Thursday, November 20, 2014

Speed Demons

Which radar detector is quickest to spot police radar?



Instant-on radar can easily clock speeders in less than one second.
Detector designers walk a tightrope, balancing speedy response with accuracy. A detector with a hair trigger may be the first to alert, but with little time to process a signal, it often gets it wrong. The result is a false alarm.

But a too-leisurely response also imposes risks. This is because modern police radar with DSP (digital signal processing) is commonly used in instant-on mode to evade detectors. It's kept on standby, not transmitting a signal. When a target of interest appears, with a button-press the officer can check its speed and return to standby mode, all in less than one second.

An MPH Industries radar used in POP mode is even quicker, accomplishing this in less than 0.07 second. By design, target speeds in POP mode can't be locked and MPH wisely cautions officers against taking enforcement action based on these snapshots.

That's because there's no time to establish a target's tracking history, required by radar case law to help reduce incorrect target identification—and bad tickets. Tracking history in moving mode—police vehicle and target both rolling—has more importance.   Added variables, particularly when traffic is heavy, increase the possibility that the officer unknowingly is eying a vehicle different than the one producing his radar's target speed.

Trouble is, lazy officers tend to skip the tracking history. Many trigger the radar, glance at the speed, then return to standby mode.  Many also shut off the radar's audio Doppler, a vital tool to make certain that both radar and officer are looking at the same vehicle.  Officers like this are the ones you'll want to avoid.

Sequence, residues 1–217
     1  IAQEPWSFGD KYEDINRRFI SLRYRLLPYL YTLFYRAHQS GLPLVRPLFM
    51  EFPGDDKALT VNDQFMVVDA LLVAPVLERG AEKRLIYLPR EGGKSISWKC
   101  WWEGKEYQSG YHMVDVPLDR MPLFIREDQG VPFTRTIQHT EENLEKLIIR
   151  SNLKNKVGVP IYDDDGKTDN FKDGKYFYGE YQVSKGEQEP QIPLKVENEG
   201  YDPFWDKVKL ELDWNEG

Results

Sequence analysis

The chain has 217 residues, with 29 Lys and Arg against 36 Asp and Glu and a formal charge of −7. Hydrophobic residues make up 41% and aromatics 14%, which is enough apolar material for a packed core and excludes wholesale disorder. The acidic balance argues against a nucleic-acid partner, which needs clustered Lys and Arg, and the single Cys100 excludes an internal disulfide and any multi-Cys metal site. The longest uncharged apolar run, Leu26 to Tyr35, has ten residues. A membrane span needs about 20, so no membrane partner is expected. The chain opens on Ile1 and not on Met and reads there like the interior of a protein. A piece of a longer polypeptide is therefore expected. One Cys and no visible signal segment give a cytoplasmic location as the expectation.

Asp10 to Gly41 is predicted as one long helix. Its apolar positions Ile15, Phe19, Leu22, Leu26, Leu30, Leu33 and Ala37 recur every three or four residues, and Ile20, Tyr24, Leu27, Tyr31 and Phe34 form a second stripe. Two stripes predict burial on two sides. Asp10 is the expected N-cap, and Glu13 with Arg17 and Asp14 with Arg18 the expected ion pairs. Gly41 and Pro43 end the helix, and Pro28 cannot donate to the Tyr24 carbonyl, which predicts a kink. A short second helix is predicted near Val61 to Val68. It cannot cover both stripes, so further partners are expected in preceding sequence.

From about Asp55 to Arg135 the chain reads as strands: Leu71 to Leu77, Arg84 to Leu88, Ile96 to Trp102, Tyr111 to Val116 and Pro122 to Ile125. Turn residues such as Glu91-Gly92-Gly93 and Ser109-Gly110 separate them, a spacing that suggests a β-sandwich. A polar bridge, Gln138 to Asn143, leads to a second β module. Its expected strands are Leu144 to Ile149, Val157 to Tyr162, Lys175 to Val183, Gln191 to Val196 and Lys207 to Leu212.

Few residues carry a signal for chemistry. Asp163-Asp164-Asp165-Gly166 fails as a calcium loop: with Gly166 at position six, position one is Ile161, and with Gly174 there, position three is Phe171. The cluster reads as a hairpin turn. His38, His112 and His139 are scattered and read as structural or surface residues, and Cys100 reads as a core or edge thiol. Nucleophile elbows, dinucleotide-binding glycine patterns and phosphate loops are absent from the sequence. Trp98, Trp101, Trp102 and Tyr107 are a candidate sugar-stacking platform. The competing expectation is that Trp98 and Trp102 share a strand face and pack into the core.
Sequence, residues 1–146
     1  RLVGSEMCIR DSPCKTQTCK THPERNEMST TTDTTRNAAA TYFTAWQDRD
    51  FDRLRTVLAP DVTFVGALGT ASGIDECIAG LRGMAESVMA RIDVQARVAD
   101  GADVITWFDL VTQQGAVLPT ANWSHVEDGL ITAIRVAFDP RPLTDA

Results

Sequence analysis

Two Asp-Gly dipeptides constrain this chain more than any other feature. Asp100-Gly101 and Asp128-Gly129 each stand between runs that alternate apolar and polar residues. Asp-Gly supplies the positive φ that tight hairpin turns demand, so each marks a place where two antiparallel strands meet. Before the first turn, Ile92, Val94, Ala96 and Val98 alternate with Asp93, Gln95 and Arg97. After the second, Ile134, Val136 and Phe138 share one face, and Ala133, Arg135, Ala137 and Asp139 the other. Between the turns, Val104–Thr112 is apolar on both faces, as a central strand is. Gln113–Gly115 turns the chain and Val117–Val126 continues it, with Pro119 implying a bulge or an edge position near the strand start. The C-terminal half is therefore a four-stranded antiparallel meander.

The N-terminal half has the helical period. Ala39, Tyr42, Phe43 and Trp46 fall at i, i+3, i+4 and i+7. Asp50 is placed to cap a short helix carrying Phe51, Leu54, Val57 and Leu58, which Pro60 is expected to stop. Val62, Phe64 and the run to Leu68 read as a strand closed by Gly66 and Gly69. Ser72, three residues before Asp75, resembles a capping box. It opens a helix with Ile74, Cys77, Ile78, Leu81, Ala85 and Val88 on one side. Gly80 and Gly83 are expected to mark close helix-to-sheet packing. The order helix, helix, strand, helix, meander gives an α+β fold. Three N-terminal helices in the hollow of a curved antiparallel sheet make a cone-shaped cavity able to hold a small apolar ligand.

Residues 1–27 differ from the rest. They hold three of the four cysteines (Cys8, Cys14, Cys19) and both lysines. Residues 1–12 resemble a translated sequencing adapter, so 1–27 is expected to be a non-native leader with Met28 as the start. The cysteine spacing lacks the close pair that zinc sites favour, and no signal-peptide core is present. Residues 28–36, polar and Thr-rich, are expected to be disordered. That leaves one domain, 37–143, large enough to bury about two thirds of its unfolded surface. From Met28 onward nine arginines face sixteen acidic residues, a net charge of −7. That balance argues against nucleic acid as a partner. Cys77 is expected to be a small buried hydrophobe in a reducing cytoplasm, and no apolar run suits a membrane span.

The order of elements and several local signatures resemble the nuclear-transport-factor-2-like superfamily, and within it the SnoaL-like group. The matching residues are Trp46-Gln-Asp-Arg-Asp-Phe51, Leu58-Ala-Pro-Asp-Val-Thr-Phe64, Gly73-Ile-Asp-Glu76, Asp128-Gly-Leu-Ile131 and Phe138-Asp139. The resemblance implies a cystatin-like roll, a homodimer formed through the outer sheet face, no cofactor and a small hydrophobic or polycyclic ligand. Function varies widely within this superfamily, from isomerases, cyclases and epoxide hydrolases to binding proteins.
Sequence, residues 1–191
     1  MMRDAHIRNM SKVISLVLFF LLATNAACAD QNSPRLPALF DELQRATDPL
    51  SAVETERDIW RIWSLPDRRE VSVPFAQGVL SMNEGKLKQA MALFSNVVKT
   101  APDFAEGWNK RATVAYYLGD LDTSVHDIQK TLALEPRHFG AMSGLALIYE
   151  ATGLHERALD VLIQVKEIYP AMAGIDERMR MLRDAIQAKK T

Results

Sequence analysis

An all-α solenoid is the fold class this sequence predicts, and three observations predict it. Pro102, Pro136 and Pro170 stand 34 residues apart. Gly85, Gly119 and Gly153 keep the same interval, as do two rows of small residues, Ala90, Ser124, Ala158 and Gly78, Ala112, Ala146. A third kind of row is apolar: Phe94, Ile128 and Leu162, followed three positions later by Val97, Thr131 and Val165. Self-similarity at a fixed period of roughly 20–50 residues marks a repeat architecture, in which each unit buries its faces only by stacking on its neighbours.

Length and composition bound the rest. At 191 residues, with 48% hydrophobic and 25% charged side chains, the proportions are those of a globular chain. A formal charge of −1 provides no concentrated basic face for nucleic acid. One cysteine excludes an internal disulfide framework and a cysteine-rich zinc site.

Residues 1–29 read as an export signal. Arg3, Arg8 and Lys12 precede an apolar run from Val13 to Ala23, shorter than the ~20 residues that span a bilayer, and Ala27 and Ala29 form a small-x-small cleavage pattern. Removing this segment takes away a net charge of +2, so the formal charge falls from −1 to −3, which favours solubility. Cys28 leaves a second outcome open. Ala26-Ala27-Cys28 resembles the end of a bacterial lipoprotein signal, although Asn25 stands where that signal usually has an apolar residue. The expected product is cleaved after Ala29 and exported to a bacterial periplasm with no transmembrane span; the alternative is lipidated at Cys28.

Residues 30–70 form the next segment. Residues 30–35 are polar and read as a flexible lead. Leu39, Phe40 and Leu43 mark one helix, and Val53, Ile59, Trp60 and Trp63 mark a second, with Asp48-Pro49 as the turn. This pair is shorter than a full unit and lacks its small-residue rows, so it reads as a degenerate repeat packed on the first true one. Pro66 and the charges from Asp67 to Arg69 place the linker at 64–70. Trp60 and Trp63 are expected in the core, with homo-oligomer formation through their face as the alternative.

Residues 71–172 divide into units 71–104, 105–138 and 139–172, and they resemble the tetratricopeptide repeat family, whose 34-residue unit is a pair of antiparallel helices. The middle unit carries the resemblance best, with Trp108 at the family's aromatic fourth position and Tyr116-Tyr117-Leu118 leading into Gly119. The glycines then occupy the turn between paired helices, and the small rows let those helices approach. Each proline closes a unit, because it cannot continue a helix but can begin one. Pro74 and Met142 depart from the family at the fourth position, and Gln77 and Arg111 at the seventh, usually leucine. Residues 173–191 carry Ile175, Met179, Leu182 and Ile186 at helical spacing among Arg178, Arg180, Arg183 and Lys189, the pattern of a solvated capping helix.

Most detector manufacturers have slowed response to cut false alarms, likewise making POP mode a user-selectable menu option. I wondered how many instant-on radar signals are being missed as a result.

To find out, I gathered up six detectors from four manufacturers. All were tested in Highway mode in their default settings.

Two radars were used: a Stalker Dual Ka-band and a Decatur Genesis II K-band radar, both operated in stationary mode. With a stopwatch and using the instant-on remote control, I first established the minimum signal duration each detector required before it would process a signal and sound an alert every time.

With that baseline established, I repeated the test 20 times for each detector on each band.  The average of each set was then calculated.
Quickest of the group was the Whistler CR75; it alerted reliably to K-band radar signals of 0.35 second duration and Ka-band signals at least 0.41 second long. The Cobra SPX 6700 was almost as fast.
The second-quickest in response was the Escort RedlineXR: 0.45 and 0.52 second, on K and Ka, respectively. (A standard Redline takes twice that long to respond to either band.)